China can’t let the global credit crisis derail financial reforms that have benefited the public and helped the nation’s banks weather the turmoil, said Yi Gang, vice governor of the People’s Bank of China.
By Li Yanping, Bloomberg
“Although there have been doubts in the market on whether China’s financial reforms should continue after this crisis led to massive government bailouts and nationalization of financial institutions, China’s bank reforms can’t backtrack,” Yi said at a conference in Beijing today.
The worst financial crisis since the Great Depression has caused about $966 billion of writedowns and credit losses among financial institutions worldwide, according to data compiled by Bloomberg. The U.S. Treasury has initiated a $700 billion rescue plan to shore up distressed financial institutions.
“The U.S. and Europe may need to rethink financial innovations that exceed real economy needs and have pushed risks beyond control,” said Zhao Xijun, a finance professor at Renmin University in Beijing. “China’s financial services are under- developed by comparison, so we need to push ahead with reforms.”
Banks in China sold shares, accepted foreign strategic investors and enhanced risk management over the past three years to avoid repeating the bad-loans crisis earlier this decade, when the government spent $650 billion rescuing them. Limited buying of subprime debt has helped the banks avoid bigger losses.
“State-bank reform has been a success, benefiting people and greatly enhancing financial services,” Yi said. “China’s banks may have taken an unimaginable shock from this financial tsunami if they hadn’t completed shareholding reforms.”
Reforms based on market principles must continue to help shield banks from future risks during economic cycles, Yi said today. Banks will also be “tested” when the nation’s currency gradually become convertible and when interest rates are further liberalized, he added.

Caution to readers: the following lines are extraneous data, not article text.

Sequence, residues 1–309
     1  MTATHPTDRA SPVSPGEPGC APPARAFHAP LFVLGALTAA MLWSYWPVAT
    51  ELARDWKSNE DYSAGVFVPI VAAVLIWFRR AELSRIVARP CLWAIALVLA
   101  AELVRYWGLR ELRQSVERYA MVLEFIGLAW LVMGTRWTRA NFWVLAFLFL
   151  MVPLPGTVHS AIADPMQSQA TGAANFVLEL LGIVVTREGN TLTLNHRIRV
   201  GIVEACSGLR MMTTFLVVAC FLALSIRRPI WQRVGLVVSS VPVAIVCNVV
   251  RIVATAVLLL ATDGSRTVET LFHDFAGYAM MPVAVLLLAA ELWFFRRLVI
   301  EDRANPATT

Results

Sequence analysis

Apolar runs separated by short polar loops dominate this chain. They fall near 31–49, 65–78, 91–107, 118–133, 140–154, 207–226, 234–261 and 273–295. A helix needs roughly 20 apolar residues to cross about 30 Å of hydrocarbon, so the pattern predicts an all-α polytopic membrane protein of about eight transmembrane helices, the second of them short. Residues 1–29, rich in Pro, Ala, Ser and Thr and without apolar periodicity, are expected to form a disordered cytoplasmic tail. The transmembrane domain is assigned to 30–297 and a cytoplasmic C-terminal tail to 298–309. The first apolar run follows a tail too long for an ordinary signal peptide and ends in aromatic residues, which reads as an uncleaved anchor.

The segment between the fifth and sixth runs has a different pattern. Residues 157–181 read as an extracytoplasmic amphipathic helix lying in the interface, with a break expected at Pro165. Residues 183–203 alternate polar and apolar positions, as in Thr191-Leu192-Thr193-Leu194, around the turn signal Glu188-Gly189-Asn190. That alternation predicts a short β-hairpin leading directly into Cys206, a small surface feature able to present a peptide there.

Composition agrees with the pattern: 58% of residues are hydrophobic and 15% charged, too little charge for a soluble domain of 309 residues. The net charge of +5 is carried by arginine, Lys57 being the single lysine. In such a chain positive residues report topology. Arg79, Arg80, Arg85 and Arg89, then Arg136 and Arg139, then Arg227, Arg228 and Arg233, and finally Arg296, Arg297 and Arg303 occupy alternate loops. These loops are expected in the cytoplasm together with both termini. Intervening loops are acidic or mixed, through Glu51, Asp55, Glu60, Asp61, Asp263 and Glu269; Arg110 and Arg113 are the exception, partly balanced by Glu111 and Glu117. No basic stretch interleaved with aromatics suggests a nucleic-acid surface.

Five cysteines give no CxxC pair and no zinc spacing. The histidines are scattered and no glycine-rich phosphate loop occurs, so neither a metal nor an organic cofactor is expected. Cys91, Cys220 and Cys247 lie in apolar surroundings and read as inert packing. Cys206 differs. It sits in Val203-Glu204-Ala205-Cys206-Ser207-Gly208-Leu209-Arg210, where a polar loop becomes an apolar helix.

Read the rest:
Chinese President Hu Jintao, seen here, begins a Latin America tour on Monday, taking in Costa Rica, Cuba and Peru, as China tightens economic ties and the region hopes for help in tougher times.
SAN JOSE (AFP) – Chinese President Hu Jintao begins a Latin America tour on Monday, taking in Costa Rica, Cuba and Peru, as China tightens economic ties and the region hopes for help in tougher times.
The Asian giant has increased diplomacy and investment in Latin America in recent years, with an eye on its natural resources and developing markets for manufactured goods and even arms.
Many in Latin America hope for an investment boost to help ride out the economic crisis.
Exports from the continent to China include soya and iron ore from Brazil, soya from Argentina, copper from Chile, tin from Bolivia, and oil from Venezuela.
The trade is still only a small percent of the continent’s total, but it is growing.
China’s state-run Xinhua news agency reported this month that exports to Latin America grew 52 percent in the first nine months of 2008 to 111.5 billion dollars.
Hu will visit San Jose and Havana between a G-20 meeting on the global crisis in Washington on November 15 and an Asian Pacific Economic Cooperation forum summit in Peru on November 22.
China and Cuba have remained all-weather friends for decades, their Marxist Socialist past a driving force in relations.
Read the rest: